82-year-old villa listed for $1.8 million

If you think a $1.8 million-plus home built in the Roaring Twenties should contain, among other things, a storied past, this landmark property in Santa Ana’s historic Floral Park neighborhood seems to have one.

From Realtor Victoria Biagiotti-Wise on the 3,661-square-foot home on a 18,600-square-foot-lot …

  • The home at 2335 N. Park Blvd. was designed by architect Fay R. Spangler, whose family arrived in this area in 1890 and once owned a blacksmith shop on 3rd Street in Santa Ana. Yes, blacksmith. Fay Spangler also designed the brick office building at 315 W. 3rd St. in what now is Santa Ana’s downtown historic district and later went on to develop other projects throughout California. (By the way, Fay was a man.)
  • The home, completed in 1928, is listed in the California Register of Historical Resources and is eligible for listing in the national register.
  • The house was originally built for Richard A. and Esse Emison. That family was involved in farming, agriculture, sawmills and lumber.
  • There’s some drama: It’s been claimed that the house functioned as an impromptu emergency shelter for the shaken neighborhood during the destructive 1933 Long Beach earthquake.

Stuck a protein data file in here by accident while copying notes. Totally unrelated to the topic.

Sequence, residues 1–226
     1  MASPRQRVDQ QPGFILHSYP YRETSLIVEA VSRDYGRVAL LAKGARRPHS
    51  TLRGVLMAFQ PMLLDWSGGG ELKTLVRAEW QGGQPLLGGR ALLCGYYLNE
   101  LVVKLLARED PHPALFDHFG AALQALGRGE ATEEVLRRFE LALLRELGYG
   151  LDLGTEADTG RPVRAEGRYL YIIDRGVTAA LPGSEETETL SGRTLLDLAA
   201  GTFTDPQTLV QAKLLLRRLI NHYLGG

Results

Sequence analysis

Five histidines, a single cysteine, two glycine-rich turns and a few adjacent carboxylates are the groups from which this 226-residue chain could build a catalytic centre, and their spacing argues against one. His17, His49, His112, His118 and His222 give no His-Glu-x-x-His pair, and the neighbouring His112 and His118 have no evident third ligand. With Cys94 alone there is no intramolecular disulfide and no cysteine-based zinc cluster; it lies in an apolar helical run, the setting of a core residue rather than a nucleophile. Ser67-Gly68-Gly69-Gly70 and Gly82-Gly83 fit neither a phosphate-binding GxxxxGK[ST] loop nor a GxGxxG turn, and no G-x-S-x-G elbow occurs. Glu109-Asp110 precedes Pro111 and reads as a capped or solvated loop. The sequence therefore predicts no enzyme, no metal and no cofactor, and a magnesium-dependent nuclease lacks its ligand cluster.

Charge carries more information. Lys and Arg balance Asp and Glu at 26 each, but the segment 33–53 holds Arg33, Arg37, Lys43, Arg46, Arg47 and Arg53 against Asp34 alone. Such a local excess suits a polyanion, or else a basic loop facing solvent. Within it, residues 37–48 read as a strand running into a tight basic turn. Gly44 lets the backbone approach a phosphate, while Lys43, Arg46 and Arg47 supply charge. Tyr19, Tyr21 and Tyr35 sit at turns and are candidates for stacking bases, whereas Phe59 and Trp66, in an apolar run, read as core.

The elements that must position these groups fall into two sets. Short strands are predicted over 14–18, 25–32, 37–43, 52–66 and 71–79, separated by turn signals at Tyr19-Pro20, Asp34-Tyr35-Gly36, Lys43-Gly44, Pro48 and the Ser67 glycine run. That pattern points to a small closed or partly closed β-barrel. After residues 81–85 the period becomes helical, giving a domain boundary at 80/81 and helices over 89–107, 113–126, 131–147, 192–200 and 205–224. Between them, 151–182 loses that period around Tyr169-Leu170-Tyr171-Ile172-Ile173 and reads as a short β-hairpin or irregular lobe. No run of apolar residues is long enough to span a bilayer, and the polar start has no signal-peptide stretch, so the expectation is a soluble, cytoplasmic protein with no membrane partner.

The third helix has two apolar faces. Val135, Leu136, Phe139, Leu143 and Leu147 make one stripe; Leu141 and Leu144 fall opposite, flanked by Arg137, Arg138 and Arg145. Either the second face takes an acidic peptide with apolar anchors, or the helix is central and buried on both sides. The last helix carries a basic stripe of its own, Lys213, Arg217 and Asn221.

• The current owners of the home for the past 45 years, the Georgieff family, has hosted public officials from around the world there, including the president of Macedonia and officials from Bulgaria, Armenia and elsewhere.

Because of the historic status, Biagiotti-Wise says, “Whoever purchases this home could be eligible for the Mills Act –  a big property tax incentive, as well as the Rehabilitation Tax Credit for the preservation of historical structures.”

The Mission/Spanish Colonial Revival style property has 3 separate dwellings, including an apartment and a guest house, with a total of 4 bedrooms and 4.5 baths.

Known as the Emison-Georgieff home, it appears to be the priciest residential listing in Santa Ana right now, at $1,850,000.

Original art pieces from the period include the Spanish, colored-tile entry, wrought-iron spiral staircase and chandelier, original front door and door knobs throughout and several “secret storage compartments,” according to the listing.

There is also a security gate, front courtyard and fountain, a basketball court and a 256-square foot basement — not a common feature these days in a Southern California home.

Read more of this article from the OCRegister.com here.

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